- The Washington Times - Wednesday, May 31, 2006

The U.S. and Vietnam today signed an agreement that sets terms for the communist-ruled nation to join the World Trade Organization. The pact, signed in Ho Chi Minh City, removes one of the last major barriers before Vietnam can become a WTO member.

“This truly is an historic step in the relationship between our two countries,” Deputy U.S. Trade Representative Karan Bhatia said of the deal with the one-time foe.

Congress still must lift a Cold War-era law that governs trade with communist nations and grant permanent normal trade relations to Vietnam.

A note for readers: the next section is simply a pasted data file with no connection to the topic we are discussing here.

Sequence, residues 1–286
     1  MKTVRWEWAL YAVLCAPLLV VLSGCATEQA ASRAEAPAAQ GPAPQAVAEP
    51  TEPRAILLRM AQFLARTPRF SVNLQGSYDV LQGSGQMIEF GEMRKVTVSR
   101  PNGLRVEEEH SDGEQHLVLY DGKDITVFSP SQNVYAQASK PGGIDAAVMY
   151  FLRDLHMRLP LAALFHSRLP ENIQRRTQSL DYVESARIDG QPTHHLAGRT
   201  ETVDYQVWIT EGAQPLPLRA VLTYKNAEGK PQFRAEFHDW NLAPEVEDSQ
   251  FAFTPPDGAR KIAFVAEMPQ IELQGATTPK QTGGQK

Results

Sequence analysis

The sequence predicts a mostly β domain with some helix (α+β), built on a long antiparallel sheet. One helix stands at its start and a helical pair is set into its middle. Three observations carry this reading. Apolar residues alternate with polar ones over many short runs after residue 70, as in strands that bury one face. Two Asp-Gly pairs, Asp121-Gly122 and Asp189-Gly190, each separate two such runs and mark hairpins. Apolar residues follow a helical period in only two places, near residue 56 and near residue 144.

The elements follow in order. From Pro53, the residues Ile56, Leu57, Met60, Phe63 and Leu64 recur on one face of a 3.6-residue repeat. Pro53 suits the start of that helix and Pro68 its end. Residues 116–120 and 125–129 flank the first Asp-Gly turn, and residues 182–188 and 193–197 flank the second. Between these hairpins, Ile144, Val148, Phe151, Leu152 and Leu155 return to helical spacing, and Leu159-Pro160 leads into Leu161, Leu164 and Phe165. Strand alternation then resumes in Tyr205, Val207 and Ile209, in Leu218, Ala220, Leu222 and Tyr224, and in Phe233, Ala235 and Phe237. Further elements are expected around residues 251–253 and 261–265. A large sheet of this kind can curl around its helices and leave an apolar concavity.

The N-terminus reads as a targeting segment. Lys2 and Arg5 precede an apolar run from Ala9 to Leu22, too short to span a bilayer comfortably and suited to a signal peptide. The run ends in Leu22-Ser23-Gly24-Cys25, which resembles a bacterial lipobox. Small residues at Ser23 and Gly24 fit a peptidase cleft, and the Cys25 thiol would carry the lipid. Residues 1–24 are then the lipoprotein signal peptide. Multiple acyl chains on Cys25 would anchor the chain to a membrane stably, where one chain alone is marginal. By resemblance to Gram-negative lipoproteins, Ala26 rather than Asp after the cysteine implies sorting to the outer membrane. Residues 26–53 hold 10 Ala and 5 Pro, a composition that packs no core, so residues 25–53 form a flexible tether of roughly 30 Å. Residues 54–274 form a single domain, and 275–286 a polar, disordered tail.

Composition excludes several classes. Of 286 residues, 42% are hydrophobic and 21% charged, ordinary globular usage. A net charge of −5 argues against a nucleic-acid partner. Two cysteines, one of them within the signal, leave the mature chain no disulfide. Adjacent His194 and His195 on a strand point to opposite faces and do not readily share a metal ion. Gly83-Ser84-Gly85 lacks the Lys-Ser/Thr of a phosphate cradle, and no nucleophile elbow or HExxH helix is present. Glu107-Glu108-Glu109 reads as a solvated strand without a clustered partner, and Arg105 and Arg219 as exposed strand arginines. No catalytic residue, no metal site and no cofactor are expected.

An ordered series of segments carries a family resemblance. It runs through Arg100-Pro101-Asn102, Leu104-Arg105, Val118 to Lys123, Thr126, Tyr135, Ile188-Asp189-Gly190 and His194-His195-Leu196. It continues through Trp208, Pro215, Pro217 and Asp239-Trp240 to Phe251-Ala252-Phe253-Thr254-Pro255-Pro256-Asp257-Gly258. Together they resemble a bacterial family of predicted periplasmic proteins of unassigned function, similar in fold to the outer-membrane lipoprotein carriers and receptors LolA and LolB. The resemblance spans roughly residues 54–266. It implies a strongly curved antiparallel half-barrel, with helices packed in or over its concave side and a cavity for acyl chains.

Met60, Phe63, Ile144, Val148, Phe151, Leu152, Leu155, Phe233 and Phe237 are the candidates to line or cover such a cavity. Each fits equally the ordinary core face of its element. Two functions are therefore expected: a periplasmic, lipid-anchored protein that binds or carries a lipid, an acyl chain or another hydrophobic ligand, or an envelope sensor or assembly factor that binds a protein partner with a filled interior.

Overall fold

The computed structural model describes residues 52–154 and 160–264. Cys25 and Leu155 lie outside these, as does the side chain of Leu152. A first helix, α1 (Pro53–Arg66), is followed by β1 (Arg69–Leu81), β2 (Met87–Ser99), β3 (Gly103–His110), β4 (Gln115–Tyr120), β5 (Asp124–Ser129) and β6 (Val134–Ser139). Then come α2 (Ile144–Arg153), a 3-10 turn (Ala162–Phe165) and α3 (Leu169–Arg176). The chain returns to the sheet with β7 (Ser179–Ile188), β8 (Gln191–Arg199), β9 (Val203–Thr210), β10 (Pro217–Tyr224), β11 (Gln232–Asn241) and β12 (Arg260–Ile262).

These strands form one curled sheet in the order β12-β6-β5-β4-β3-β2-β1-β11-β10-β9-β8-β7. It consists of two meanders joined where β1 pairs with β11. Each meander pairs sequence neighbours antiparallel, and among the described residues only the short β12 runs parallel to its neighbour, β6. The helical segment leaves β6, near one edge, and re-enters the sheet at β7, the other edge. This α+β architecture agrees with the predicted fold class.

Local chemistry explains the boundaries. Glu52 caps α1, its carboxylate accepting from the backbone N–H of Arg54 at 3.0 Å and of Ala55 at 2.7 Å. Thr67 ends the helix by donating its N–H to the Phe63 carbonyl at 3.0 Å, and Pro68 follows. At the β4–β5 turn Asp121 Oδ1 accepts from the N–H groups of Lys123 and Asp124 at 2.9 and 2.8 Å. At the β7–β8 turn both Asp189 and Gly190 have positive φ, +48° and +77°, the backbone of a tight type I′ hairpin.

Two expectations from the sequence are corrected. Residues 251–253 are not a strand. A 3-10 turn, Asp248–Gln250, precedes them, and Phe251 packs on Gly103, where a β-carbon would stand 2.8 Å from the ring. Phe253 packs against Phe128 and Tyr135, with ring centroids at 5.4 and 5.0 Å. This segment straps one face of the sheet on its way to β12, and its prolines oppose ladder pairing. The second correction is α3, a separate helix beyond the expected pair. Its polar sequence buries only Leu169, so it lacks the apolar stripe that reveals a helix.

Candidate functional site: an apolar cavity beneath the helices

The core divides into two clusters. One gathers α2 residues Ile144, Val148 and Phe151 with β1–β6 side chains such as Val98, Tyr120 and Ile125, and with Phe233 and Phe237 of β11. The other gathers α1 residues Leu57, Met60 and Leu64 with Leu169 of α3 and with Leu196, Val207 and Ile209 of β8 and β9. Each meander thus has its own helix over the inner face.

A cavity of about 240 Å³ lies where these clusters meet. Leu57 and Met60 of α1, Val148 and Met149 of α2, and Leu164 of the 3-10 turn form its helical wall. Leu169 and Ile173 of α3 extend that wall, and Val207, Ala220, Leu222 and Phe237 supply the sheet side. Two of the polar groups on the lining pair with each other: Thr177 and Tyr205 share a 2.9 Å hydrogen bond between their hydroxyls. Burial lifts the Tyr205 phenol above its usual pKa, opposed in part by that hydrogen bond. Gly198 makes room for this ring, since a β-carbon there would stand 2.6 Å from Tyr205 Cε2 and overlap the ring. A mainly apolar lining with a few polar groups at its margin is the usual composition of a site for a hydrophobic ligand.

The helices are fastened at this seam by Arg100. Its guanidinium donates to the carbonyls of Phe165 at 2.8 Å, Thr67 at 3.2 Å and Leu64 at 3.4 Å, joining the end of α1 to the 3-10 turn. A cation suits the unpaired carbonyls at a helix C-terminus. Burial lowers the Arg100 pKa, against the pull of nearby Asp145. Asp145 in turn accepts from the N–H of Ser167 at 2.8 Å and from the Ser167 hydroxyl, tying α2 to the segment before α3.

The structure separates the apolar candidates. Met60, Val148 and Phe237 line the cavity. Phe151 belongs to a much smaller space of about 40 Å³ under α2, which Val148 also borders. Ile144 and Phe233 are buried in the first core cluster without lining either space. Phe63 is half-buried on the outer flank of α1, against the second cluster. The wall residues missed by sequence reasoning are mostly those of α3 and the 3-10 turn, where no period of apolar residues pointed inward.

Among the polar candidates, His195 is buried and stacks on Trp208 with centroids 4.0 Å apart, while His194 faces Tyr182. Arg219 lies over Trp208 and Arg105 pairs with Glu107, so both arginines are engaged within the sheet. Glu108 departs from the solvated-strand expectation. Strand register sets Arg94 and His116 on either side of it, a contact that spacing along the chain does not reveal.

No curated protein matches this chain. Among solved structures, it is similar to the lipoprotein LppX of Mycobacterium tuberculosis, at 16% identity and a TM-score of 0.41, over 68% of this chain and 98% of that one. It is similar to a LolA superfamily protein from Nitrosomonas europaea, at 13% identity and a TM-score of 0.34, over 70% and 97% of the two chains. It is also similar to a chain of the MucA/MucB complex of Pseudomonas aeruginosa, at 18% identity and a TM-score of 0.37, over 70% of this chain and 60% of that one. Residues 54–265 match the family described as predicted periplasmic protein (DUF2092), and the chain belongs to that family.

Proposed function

The deal would remove remaining trade barriers between the two countries, which saw bilateral trade rise 21.6 percent to nearly $8 billion last year, by ending U.S. quotas on Vietnamese textiles and garments and giving American companies greater access to the growing Southeast Asian market.

The United States was the last country with which Vietnam had to negotiate a bilateral treaty for WTO access, and it hopes to conclude multilateral talks by this summer.

The ceremony was held at the Reunification Palace, where three decades ago, Communist tanks barreled through to end the Vietnam War.

This article is based in part on wire-service reports.

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